Following along the lines of my own post and also Mike Gotta’s comment, SAP’s Nenshad Bardoliwalla makes some great points here about placing enterprise social computing in the context of organisational processes, which might already be supported by a transactional system. From this he concludes:
my advice to both the zealots and naysayers of Enterprise 2.0 would be to take an existing, legitimate pain point, like offer creation, or product development, or customer service, and start by benchmarking your current metrics. If an Enterprise 2.0 tool can move those metrics in the right direction in a provable way, you will have real, hard ROI. If the tool doesn’t contribute to moving those process metrics in the way you hoped, then you might have a problem with your executive sponsor.
However, I think this is one approach, but not the only approach.
Moving from theory to actual implementation, we have to be careful about deploying social computing tools in a way that constrains them to a single process. This has implications for users, but might also be affected by assumptions about the systems and actors invol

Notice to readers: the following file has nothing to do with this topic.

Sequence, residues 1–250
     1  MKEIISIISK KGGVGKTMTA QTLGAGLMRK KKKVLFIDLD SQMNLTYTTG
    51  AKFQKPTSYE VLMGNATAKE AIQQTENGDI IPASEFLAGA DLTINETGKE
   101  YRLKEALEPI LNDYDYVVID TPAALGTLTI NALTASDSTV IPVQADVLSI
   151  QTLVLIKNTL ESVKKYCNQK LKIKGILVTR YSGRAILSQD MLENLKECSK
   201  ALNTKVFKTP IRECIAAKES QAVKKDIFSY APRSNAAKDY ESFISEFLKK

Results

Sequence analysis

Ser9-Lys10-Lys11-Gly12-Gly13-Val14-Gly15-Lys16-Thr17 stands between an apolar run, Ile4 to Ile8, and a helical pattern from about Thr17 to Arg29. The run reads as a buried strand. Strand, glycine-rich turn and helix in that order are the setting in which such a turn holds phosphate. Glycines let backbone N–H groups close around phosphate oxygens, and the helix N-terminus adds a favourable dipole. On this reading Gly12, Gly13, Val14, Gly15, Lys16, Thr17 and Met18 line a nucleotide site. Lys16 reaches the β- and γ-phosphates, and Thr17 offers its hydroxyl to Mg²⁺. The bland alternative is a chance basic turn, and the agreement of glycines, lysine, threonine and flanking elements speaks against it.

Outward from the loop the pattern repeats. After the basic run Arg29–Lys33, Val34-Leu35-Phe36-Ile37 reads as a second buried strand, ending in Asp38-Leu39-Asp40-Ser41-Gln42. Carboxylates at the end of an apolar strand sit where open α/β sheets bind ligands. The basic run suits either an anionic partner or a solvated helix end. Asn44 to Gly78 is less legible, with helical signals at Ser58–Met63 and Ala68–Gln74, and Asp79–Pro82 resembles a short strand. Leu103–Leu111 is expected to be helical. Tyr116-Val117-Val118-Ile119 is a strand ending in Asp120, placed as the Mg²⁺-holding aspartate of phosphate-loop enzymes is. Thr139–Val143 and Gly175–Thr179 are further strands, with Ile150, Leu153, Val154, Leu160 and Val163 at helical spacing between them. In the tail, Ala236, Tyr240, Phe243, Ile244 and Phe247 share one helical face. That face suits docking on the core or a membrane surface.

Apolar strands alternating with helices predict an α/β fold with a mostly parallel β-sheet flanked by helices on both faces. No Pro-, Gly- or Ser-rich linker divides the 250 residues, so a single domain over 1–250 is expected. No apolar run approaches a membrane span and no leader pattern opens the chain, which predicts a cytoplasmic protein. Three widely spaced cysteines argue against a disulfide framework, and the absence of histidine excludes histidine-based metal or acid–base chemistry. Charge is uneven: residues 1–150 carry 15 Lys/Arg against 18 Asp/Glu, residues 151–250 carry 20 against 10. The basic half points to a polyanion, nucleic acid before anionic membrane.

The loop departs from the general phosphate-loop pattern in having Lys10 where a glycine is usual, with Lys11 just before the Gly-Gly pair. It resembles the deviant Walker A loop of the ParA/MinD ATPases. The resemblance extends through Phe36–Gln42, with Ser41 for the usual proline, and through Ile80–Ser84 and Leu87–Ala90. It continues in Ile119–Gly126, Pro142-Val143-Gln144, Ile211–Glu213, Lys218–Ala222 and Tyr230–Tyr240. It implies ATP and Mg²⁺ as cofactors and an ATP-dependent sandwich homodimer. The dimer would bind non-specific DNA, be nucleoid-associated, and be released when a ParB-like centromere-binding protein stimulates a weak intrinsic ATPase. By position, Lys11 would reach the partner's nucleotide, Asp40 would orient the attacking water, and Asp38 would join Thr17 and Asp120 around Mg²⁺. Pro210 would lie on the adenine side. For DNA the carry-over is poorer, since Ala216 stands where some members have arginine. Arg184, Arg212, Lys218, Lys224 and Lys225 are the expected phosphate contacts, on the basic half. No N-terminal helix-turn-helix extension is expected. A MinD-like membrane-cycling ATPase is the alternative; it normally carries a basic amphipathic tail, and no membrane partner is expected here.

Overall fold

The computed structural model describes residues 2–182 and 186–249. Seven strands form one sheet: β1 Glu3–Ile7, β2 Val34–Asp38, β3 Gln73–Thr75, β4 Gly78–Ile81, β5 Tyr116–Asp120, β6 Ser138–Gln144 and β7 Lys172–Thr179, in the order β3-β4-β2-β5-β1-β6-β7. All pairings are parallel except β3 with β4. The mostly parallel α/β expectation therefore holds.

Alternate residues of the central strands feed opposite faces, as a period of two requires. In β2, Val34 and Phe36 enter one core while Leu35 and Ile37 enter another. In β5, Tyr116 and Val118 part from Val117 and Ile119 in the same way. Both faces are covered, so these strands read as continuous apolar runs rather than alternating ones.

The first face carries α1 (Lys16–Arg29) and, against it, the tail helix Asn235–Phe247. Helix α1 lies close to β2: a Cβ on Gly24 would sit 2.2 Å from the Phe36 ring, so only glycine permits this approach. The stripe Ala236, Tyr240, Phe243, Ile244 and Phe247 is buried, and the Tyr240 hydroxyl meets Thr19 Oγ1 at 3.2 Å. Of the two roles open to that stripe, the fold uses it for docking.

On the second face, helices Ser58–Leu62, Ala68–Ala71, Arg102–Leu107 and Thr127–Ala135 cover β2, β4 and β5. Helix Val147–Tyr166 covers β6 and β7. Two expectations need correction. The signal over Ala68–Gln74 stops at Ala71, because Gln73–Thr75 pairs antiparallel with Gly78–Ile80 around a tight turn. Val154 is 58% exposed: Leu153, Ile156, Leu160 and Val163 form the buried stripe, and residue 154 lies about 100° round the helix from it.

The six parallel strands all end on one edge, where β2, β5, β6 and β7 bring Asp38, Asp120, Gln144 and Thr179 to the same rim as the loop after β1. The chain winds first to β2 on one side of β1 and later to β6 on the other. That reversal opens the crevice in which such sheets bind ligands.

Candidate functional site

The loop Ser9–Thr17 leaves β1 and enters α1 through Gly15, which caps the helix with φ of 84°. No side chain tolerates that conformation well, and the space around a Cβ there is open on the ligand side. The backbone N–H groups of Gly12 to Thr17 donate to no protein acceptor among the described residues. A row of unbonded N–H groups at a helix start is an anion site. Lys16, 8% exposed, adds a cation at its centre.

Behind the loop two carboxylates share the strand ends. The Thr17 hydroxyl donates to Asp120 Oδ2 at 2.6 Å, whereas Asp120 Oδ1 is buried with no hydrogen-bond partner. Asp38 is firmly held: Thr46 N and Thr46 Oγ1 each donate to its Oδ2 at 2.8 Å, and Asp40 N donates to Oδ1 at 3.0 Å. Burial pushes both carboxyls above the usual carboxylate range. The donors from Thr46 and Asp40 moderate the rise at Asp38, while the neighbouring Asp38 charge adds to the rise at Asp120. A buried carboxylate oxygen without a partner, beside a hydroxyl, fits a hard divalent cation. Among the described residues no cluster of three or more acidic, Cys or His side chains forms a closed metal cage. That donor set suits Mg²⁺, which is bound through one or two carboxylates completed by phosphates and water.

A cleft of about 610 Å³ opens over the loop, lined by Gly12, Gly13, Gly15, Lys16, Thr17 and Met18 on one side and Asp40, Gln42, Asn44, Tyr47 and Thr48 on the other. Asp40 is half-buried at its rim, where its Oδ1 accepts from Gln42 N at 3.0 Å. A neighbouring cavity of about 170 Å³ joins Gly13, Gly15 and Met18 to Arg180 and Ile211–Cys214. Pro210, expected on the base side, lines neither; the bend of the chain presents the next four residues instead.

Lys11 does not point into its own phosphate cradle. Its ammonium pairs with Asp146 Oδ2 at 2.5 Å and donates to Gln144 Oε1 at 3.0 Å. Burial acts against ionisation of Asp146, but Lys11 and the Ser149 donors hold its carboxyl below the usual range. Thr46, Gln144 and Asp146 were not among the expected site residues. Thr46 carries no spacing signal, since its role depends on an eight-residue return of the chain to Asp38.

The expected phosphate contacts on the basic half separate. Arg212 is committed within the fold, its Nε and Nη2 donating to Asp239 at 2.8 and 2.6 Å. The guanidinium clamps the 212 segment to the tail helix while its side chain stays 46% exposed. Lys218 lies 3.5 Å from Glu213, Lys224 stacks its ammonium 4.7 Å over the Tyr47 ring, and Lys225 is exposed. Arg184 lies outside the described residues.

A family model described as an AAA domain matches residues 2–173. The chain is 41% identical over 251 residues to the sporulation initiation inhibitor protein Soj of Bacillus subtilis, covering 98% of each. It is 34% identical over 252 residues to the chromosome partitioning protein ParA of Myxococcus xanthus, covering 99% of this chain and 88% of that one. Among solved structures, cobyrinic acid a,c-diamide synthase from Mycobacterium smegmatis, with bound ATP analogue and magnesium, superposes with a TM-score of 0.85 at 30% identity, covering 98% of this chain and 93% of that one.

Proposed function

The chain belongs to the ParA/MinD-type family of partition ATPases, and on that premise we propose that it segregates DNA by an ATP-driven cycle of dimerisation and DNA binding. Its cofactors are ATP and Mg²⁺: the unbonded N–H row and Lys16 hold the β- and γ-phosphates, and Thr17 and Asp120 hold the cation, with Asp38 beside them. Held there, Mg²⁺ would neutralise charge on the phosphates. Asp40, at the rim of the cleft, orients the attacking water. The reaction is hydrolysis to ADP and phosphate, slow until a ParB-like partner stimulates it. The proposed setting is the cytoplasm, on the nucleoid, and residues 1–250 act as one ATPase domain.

ved in that process.
I also think for some people that this
approach still won’t be acceptable, as it points to demonstrating value after the fact. We may also still have trouble arguing the causal relationship between social software and improvements to the process in absolute hard undeniable fact (although not impossible, it will require rigour). Considering that challenge from a cost-benefit point of view, this is where the emergent properties of social computing kicks in – like water, provide the tools and let the users work out the optimal level for themselves.
The other thing I think this misses out on is the use of social software in the enterprise to change the transactional process into something that is inherently leaner. I agree with Bardoliwalla on the point that we don’t want to replace transactional systems, but on the other hand we can’t assume that the transactional system reflects the optimal process (either the process mapping has created an inefficient model or a social computing solution would manage some requirements more effectively). In some circumstances the cost and risk of implementing a formal transactional system are so high that some processes are never systematised anyway.
Finally, not every kind of organisational activity is a process. Some of it is loose and messy – decision making, planning, innovation, etc.
Hat tip to my colleagues at Headshift for this one.